Debts on an Italian inheritance
Accepting an Italian inheritance also implies taking on responsibility for any debts the decedent leaves. Heirs risk having to paying any debts they inherit from their own pockets. For this reason, Italian law confers a choice of whether to renounce or accept an inheritance. There is however, also a third way to mitigate risks: reserved acceptance. To illustrate the concept of reserved acceptance, below we provide a brief case study on this matter.
Silvia and Eric Jones owned a property in Liguria and were resident in Italy for many years. Sadly, in close succession, Silvia and Eric died.
The Jones’ sons, Larry and Tom, got in touch with De Tullio Law Firm about their parents’ Italian Wills. They had concerns regarding what happens when heirs are unsure exactly what they are inheriting. Larry and Tom believed that their parents had a lot of debts. They worry they will have to pay these debts if they accept the inheritance.
Because heirs have the possibility to accept an inheritance using reserved acceptance – “beneficio d’inventario”, it means that Larry and Tom will only be liable to pay their parents’ debts on any sum they inherit.
What is reserved acceptance?
If you are an heir, but you are unsure whether the inheritance contains more liabilities than assets, you can use, “beneficio d’inventario” (reserved acceptance). This avoids any merger between your estate and the decedent’s. Thus you will not be liable to pay off the decedent’s debts with your own money.
If, for example, you inherit €10,000, compared to a debt of €20,000, you will only be liable to pay the debt on the sum you have inherited, namely the €10,000.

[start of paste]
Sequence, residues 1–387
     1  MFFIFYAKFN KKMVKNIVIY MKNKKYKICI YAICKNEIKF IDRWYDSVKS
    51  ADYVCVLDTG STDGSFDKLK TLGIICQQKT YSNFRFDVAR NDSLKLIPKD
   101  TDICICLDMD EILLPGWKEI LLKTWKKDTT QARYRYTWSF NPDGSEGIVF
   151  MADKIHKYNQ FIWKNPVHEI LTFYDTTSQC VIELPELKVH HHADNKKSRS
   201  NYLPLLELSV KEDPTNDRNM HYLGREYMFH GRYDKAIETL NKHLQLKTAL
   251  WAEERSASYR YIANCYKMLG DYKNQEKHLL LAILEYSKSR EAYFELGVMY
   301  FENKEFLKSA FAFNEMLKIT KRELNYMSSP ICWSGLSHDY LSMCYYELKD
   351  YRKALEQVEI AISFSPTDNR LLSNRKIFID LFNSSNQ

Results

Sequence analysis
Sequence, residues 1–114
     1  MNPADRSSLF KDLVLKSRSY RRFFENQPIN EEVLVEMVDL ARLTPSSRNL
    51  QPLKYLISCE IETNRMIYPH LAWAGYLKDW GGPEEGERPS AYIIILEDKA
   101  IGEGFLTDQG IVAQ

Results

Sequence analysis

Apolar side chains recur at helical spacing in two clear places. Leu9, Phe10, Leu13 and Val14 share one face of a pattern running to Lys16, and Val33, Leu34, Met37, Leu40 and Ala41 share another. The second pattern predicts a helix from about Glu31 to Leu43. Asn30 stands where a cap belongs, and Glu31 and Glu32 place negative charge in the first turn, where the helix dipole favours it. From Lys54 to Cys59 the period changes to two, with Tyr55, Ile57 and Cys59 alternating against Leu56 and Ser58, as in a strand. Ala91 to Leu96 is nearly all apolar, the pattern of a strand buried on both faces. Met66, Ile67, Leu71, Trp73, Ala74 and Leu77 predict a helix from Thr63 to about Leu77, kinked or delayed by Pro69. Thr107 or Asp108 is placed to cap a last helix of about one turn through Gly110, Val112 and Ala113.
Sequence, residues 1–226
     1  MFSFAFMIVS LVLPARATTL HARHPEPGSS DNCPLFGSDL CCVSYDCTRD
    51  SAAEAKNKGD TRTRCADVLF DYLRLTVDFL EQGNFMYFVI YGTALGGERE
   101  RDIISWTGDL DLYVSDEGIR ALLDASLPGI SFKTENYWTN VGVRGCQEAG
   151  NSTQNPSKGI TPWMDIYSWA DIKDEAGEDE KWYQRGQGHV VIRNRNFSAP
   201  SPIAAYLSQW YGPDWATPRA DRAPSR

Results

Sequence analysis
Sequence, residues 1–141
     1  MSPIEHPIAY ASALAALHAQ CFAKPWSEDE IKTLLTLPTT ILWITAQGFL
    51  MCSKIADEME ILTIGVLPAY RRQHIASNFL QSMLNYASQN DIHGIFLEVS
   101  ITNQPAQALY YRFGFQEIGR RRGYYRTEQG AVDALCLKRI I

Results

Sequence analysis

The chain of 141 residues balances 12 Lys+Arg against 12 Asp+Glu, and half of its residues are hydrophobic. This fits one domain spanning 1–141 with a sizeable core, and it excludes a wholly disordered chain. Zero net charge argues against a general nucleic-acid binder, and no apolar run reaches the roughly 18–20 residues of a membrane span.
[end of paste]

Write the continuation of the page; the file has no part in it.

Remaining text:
Reserved acceptance is however not a good idea if an heir is certain that liabilities outweigh inherited assets (unless the heir wishes to pay debts in order to honour the decedent’s memory). Where certainty of debt exists, renouncing the inheritance is a more appropriate solution.
It is worth mentioning that certain people have to accept an inheritance through “beneficio d’inventario”. These people include minors under the age of eighteen, people in care and legal entities, including the State, associations and foundations.
How does reserved acceptance work?
You need a notarial deed for reserved acceptance. Alternatively, you can make a declaration to a clerk of the court in the district where the decdent had their last domicile.
At De Tullio Law Firm, we have over 55 years of expertise managing cross border succession and estate planning matters throughout Italy. Our firm is also a full member of STEP, the world’s leading association for trust and estate practitioners.
If you are unsure about any aspect of an Italian inheritance, please contact us. We will be happy to provide you with more detailed information.